In 1998, City Holding increased its capacity to solicit new mortgages by acquiring a federally chartered savings bank, Del Amo Savings Bank, located in Torrance, California, and Frontier State Bank, headquartered in Redondo Beach, California.

During the years 1998-2000, City Holding sent out over 20 million direct mail solicitations to households throughout the United States for a "125" mortgage product (i.e., a second mortgage that had a loan value of up to 125 percent of the value of the mortgaged property). Among other marks, defendants utilized marks that utilized the word "City" in larger, bold type than the words it modified, such as "NATIONAL BANK," "Mortgage Services," and "Lending Services."

After experiencing financial problems with their nationwide mortgage origination and solicitation business, City Holding in March 2000 announced that it would exit the "Specialty Finance" (or "high loan to value") business and scale back its mortgage origination business.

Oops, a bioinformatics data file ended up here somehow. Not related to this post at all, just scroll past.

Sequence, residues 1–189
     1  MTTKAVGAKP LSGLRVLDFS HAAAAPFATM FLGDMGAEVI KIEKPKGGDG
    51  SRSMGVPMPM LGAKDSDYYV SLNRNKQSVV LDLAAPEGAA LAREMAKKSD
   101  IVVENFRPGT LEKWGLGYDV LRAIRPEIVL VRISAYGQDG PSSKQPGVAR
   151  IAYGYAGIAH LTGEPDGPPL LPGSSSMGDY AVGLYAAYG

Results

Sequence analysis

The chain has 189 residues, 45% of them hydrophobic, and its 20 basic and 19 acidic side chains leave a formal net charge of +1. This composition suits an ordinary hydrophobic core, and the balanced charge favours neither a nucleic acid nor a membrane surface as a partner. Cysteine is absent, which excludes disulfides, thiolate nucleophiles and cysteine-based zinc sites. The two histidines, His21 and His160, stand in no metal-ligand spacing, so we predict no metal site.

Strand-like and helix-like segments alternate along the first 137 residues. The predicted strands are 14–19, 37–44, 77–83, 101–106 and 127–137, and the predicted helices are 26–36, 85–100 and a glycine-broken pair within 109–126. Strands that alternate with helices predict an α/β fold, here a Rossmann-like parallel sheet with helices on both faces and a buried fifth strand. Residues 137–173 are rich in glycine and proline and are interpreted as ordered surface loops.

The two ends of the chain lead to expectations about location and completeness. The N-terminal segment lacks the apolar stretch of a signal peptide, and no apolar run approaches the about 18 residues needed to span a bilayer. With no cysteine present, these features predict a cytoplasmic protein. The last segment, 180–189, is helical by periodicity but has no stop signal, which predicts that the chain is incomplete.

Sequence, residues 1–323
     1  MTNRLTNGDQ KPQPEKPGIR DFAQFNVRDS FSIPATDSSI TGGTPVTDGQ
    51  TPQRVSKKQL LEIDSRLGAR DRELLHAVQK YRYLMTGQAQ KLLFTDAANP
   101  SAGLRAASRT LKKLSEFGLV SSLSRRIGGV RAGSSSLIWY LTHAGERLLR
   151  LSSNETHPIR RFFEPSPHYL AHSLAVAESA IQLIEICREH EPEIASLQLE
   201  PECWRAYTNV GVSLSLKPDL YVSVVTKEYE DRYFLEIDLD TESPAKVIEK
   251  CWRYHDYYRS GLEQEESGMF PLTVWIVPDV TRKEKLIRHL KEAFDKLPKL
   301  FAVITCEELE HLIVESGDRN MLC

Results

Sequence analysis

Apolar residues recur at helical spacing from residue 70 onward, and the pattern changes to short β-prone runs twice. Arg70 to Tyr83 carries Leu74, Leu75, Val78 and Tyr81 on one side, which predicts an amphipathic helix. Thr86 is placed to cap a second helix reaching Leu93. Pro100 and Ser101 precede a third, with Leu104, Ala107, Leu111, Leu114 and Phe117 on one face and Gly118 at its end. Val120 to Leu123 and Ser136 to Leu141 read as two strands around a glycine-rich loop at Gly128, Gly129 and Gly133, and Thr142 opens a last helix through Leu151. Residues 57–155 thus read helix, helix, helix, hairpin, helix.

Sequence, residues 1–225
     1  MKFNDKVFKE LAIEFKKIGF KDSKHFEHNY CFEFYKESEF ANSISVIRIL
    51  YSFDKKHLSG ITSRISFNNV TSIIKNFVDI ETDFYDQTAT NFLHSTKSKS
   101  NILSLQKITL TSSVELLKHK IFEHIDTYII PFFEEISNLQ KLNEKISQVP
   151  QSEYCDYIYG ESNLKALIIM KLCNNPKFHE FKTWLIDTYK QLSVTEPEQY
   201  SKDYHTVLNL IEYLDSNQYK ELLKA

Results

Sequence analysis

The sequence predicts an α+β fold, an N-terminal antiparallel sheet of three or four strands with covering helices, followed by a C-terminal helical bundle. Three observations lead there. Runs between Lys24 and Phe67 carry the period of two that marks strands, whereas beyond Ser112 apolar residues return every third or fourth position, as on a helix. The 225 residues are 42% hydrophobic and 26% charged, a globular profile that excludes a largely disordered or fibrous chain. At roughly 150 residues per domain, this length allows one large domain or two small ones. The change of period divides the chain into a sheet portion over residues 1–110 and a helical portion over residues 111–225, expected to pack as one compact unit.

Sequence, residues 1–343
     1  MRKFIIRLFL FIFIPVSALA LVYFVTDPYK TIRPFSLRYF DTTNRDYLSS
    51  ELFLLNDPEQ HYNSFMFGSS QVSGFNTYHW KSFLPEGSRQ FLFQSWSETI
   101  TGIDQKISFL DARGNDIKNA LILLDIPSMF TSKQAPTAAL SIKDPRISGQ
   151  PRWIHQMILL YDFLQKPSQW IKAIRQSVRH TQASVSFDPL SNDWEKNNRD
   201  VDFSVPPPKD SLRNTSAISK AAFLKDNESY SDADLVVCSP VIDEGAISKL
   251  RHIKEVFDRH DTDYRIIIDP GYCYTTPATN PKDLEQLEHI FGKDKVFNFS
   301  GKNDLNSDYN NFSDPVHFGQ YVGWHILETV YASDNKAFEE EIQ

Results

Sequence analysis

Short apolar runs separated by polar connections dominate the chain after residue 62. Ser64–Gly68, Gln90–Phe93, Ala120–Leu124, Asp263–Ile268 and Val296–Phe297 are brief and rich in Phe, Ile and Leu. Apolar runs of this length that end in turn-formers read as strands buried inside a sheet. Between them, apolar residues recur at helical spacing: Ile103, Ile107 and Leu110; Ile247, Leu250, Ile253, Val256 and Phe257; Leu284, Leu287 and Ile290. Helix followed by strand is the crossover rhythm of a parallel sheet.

On January 31, 2001, City Holding announced its withdrawal from the mortgage origination business, the sale of the West Coast banks, a cancellation of a quarterly dividend, and fourth quarter write-downs of more than $40 million.

E. City Holding's Trademark Applications and Registrations

City Holding owns federal service mark registrations and applications, all of which incorporate a first word of CITY. These marks do not comprise a legal family that would be protected by the family of marks doctrine.

In April 1997, City Holding hired its first in-house lawyer. Shortly after his arrival, the new general counsel recommended the filing of federal trademark applications for various of the CITY marks that City Holding was using or considering using at that time. Beginning in July 1997, City Holding filed federal trademark applications for nine CITY marks. The following chart identifies the marks and registration status:

Mark Date Filed Reg. No.

CITY CREDIT SERVICES 07/15/97 2,226,376

CITY FINANCIAL CORP. 07/15/97 2,277,087

CITY HOLDING COMPANY 07/15/97 2,277,088

CITY MORTGAGE CORP. 07/15/97 2,268,160

CITY MORTGAGE SERVICES 07/15/97 2,244,249